Business Management Foundations
Managing Global Business
Entrepreneurship Basics 1 | 2018-19
Entrepreneurship Basics 2 | 2018-19
Entrepreneurship Basics 3 | 2018-19
Entrepreneurial Operations | 2018-19
Entrepreneurial Human Resources | 2018-19
Entrepreneurial Human Resources | 2018-19 Copy
Entrepreneurial Finance | 2018-19
Workshops and Classes
Workshop 4: Managerial Finance | 2018-19
UCLA PGP PRO Workshop 1: Strategy, Leadership and Careers
UCLA Classroom Module 3
Workshop 2: Human Capital Management | 2018-19
Workshop 1: Negotiation, Influence, Leadership & Careers | 2019-20
Workshop 3: Negotiation and Influence | 2018-19
Workshop 1: Leadership Lab, Problem solving, Careers | 2018-19
UCLA Classroom Module 2: Entrepreneurship and Operations Management | 2019-20
UCLA Classroom Module 1: Branding & Marketing, Strategy and Leadership Communications | 2019-20
UCLA Classroom Module 1: Branding & Marketing, Strategy and Leadership Communications | 2018-19
UCLA Classroom Module 2: Entrepreneurship and Operations Management | 2018-19
UCLA Classroom Module 1: Branding & Marketing, Strategy and Leadership Communications | 2018-19
In this first in-class module from UCLA, you will learn from professors who have won several teaching awards at UCLA and other business schools for their teaching and research and are the leading experts in their fields. You will spend one day each with Prof. Sanjay Sood, Prof. Mike Rosenberg and Prof. Bob McCann to learn the essential skills of branding and marketing, strategy and leadership communications, respectively. You will learn how to build a coherent corporate strategy including brand and marketing strategy and how to manage communications within your organization and outside and to come across as a good leader. You will also receive your Birkman assessment reports and develop a growth plan for yourself based on your personal results in a session with Prof. McCann, where he will help you analyze and understand your results.
Prof. Sanjay Sood
Professor of Marketing Sanjay Sood, who holds both an MBA from Kellogg and a Ph.D. from Stanford, says that incorporating real-world experience can dramatically improve the classroom experience. That’s why for the last decade he has been teaching his classes with C-suite industry executives from MGM, P&G and Google, assigning live projects with real companies — like NBC, Universal Studios and the TED brand — and taking his students on field trips to startups, major corporations and ad agencies.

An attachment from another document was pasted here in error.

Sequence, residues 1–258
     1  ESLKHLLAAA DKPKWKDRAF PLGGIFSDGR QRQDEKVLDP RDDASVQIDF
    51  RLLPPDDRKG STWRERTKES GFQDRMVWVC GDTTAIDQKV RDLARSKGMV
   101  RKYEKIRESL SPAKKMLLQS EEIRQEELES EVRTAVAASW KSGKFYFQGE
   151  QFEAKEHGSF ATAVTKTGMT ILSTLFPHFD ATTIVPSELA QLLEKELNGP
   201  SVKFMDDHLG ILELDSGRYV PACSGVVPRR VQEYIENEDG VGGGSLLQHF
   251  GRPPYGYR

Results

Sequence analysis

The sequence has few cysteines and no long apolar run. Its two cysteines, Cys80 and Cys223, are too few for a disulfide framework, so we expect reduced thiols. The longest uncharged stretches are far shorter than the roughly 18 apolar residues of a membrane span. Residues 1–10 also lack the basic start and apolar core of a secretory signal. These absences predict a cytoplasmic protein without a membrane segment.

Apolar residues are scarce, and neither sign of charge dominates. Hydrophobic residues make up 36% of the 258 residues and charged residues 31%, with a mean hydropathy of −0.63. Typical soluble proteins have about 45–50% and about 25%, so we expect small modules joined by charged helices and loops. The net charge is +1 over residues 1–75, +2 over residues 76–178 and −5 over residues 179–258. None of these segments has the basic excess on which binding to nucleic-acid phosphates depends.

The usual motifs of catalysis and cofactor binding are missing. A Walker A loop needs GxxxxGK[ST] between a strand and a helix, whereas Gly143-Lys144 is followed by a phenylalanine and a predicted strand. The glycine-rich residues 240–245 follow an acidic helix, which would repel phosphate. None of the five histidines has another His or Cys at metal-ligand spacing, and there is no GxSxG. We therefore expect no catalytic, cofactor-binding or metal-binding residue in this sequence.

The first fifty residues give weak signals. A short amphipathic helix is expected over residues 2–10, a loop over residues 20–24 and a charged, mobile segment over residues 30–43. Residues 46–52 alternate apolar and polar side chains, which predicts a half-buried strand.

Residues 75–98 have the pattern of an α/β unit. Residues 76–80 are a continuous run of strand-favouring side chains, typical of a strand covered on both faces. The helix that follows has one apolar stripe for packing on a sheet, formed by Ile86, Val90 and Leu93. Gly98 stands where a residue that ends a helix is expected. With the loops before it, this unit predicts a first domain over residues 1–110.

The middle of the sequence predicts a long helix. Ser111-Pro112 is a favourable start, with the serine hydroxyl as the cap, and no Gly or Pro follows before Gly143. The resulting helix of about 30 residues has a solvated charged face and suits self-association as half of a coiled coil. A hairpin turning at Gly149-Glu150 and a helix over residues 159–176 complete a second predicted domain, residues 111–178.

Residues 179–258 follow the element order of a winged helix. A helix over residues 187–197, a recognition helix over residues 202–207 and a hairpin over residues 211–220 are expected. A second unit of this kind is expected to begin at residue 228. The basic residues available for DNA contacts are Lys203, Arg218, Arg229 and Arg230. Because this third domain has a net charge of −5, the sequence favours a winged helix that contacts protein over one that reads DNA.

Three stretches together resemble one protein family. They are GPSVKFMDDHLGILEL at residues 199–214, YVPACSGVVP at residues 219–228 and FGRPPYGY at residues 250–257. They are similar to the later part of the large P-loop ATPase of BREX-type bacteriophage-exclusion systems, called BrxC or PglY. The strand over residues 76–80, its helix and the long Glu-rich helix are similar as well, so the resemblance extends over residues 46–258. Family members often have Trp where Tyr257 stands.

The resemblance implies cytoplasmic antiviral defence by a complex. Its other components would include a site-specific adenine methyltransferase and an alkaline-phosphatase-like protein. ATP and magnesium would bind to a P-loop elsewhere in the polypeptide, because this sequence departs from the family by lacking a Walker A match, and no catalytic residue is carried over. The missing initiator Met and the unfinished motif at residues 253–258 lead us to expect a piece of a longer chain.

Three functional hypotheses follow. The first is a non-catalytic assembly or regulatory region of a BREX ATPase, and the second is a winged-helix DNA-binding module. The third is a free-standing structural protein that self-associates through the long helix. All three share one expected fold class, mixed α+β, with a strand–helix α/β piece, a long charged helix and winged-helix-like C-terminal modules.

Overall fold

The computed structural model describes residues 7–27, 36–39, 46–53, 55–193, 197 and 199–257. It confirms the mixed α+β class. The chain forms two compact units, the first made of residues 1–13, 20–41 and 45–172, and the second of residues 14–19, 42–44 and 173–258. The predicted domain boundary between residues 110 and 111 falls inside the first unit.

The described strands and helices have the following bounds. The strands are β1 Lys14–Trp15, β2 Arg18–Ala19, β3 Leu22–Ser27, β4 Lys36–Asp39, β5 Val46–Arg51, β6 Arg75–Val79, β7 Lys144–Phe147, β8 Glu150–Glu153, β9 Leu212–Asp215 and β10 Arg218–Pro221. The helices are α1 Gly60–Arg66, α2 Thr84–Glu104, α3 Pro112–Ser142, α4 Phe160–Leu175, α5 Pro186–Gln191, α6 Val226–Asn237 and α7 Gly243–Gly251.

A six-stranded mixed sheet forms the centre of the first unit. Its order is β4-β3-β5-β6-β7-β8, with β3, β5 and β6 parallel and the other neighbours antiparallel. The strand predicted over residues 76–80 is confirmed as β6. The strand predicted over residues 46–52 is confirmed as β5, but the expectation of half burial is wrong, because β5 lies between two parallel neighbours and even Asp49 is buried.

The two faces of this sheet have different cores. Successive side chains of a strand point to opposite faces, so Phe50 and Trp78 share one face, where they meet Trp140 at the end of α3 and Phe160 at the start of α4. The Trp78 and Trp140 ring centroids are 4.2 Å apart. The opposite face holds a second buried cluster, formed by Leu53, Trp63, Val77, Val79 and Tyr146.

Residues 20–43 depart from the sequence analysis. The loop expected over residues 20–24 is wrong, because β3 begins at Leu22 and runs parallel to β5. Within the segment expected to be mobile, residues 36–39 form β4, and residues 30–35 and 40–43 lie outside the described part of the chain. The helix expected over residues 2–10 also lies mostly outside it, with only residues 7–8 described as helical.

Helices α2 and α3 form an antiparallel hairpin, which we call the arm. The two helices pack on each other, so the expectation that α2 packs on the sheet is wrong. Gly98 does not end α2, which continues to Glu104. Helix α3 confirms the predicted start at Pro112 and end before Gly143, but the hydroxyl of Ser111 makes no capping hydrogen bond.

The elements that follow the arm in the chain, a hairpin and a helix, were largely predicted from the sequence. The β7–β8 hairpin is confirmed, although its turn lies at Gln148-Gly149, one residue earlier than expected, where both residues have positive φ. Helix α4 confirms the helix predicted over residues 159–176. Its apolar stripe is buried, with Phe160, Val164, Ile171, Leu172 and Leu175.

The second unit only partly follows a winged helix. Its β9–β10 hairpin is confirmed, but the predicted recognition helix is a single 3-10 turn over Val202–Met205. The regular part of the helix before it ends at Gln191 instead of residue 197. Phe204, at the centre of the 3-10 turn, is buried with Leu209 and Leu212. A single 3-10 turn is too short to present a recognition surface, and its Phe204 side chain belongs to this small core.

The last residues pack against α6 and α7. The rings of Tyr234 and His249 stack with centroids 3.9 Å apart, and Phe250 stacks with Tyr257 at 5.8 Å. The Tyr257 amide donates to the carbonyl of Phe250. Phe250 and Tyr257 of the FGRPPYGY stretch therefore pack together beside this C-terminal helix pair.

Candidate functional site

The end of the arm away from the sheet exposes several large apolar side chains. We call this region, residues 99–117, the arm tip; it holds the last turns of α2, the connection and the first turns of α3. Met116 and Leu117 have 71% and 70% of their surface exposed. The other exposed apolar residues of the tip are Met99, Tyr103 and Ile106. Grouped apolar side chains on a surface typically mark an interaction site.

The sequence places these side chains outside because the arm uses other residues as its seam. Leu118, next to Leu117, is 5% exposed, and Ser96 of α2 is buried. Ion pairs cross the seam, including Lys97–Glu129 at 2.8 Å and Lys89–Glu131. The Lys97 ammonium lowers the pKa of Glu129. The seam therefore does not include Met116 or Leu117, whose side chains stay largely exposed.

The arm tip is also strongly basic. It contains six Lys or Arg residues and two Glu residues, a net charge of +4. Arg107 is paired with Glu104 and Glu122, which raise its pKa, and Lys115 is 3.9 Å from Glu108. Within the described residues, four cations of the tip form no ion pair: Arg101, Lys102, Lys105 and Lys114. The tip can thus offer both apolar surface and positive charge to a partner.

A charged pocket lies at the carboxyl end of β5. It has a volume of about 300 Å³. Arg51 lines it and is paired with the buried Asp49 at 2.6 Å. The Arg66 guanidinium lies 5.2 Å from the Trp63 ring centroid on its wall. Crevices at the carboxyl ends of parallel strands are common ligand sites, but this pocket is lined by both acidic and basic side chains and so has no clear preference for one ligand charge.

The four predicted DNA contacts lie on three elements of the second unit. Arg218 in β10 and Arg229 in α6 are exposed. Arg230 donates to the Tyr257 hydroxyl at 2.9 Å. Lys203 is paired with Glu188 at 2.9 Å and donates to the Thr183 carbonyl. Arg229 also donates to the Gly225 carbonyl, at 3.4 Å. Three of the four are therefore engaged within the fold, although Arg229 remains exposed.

“The co-teaching model of having faculty paired with seasoned executives in the classroom for the entire 10 weeks is a differentiator for Anderson,” says Sood. “We’re one of the few business schools that emphasizes a joint classroom model of practitioners with faculty for the entire quarter. It provides extra depth to the content as well as a unique combination of academic rigor plus managerial relevance.”
Sood’s academic research focuses on two areas, brand management and behavioral decision making. “As a doctoral student I was excited by the relatively new field of branding in consumer behavior and also was fortunate to be exposed to some of the pioneers of choice architecture,” he says. “The faculty at Anderson are adept at bringing research into the classroom and I have tried to follow that lead. Academic frameworks in branding can be applied across industries, and behavioral decision making is becoming increasingly relevant to senior managers and policymakers.”
Sood helped develop what is now UCLA Anderson’s Center for Management of Enterprise in Media, Entertainment & Sports, at a time when Dean Judy Olian established entertainment and media as a strategic priority for the school. Currently, between 10 and 15 percent of Anderson classes enter media and entertainment careers. In his classes, Sood looks at movies as brands going in the same direction as other products: Whereas Hollywood used to launch a new brand weekly, the trend now is toward brand franchises.